However, Business Asset Disposal Relief (‘BADR’) – formerly known as Entrepreneurs’ Relief – may be a way to mitigate some of the tax you pay when selling a qualifying business. This relief means you pay a lower capital gains tax rate, which currently stands at 10% on the first £1m of qualifying lifetime gains, with any gains above this threshold charged at the full CGT rate (20% if you’ve received income or gains above the basic rate allowance in the tax year). This relief effectively halves the usual rate charged for higher and additional rate taxpayers.
If you have a limited company there are generally two main ways to structure the sale. One option is to undertake a “share sale” i.e. where the purchaser takes over your company in return for paying you proceeds. The other option is to undertake an “asset sale” i.e. where the purchaser acquires some or all of the assets of the business from the company itself. There are pros and cons to each.
A share sale offers the simplest (and often best) outcome, tax-wise. You’ll have a single layer of CGT to pay on any gain. BADR may also be available. Typically this applies if you’ve held a shareholding of 5% or more and been an officer or employee of the company for at least two years. The company must also satisfy the condition of being a “trading company”. As noted above, if the company holds non-business assets (e.g. investments) you may need to consider separating these off in some way more than two years ahead of any sale.
With an asset sale, corporation tax will come into play, as the company will have 19% corporation tax to pay on any profit made from selling its assets (typically goodwill). If you then want to extract the net proceeds from the company you’ll need to consider how best to do this. The money could be paid out as a dividend, but this will be subject to income tax. In most cases, you’ll want to extract the proceeds as capital, which will require a formal liquidation. However, you could alternatively keep the company going e.g. as an investment vehicle.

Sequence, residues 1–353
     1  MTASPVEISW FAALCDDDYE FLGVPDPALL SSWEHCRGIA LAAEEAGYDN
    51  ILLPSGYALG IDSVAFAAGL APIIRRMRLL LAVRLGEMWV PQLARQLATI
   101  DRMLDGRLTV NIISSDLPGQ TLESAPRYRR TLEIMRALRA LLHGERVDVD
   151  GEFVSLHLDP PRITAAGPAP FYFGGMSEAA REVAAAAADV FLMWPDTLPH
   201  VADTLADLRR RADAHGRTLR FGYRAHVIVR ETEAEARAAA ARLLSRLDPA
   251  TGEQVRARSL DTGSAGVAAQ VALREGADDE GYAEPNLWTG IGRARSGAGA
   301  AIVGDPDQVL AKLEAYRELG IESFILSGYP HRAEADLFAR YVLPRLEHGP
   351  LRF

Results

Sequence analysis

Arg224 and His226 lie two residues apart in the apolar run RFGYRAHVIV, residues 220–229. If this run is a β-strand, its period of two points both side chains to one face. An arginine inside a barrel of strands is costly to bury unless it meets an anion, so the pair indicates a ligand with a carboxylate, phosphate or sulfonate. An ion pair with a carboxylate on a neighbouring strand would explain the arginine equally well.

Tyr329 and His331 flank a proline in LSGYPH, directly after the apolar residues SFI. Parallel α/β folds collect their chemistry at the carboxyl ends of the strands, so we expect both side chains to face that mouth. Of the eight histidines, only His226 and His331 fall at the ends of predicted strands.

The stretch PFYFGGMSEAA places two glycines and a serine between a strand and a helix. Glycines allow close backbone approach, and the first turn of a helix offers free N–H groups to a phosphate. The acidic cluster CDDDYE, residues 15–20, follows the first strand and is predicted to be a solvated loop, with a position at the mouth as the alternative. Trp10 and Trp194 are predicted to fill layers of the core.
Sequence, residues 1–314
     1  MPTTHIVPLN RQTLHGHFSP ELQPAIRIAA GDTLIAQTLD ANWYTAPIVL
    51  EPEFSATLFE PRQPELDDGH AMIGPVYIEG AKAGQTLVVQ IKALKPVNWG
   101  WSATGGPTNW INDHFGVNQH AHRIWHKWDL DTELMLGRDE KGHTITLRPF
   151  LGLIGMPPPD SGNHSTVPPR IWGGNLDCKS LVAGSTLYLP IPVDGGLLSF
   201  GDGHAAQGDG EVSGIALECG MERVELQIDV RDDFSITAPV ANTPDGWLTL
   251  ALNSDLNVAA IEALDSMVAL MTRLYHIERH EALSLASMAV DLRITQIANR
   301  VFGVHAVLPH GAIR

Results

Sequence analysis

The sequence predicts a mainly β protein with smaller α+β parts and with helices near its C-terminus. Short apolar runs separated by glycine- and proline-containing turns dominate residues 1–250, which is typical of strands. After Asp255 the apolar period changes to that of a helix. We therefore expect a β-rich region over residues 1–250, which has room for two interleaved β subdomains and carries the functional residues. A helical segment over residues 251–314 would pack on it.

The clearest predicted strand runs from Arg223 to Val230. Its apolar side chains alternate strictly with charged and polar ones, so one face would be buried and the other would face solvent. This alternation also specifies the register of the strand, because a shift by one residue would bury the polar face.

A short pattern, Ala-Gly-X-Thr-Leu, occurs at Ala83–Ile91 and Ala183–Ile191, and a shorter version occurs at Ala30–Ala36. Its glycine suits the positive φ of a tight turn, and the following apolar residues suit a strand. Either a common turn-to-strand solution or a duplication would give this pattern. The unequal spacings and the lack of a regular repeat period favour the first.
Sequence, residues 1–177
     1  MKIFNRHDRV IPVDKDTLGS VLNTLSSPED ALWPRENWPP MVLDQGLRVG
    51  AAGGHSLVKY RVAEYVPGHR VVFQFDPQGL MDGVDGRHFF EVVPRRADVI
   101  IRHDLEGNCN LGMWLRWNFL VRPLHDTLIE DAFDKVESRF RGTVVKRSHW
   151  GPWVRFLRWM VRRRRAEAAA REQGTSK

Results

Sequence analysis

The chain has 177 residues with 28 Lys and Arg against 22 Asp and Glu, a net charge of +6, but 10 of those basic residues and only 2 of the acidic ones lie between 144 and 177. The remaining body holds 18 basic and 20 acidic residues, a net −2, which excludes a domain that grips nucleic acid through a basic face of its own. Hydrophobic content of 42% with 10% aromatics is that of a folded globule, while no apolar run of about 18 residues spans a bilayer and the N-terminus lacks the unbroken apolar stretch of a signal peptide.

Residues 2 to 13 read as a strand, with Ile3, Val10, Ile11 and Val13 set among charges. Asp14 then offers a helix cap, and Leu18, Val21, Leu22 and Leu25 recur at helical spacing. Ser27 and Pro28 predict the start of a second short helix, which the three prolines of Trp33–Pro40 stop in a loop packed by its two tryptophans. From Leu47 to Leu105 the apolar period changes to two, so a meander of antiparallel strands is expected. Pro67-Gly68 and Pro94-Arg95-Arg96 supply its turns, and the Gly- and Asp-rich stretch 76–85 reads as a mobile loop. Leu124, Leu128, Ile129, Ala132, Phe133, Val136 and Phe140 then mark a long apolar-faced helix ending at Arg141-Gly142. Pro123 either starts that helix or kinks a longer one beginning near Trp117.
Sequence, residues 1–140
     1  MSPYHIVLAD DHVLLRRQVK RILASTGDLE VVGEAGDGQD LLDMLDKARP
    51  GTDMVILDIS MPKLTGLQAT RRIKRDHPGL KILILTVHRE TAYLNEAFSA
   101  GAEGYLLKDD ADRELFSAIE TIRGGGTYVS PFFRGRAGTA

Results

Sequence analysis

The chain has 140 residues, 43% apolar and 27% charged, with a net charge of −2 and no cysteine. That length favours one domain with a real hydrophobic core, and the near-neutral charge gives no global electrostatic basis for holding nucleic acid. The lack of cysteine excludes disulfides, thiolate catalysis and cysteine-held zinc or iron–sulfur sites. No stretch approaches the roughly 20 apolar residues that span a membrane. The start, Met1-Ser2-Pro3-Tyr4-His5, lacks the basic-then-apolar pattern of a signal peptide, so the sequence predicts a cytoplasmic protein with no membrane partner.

This is a very simplified overview and there may be other tax implications to consider e.g. if the purchaser wants to pay you over an extended period – perhaps, dependent on profit targets being met - or offers you non-cash consideration e.g. shares or loan notes.
It is advisable to engage a professional tax adviser to work alongside you through the sales process (and as early as possible). They will be able to guide you through the various tax implications, and advise you on any planning opportunities. This may include thinking about wider estate planning, particularly if you have come into a large amount of cash!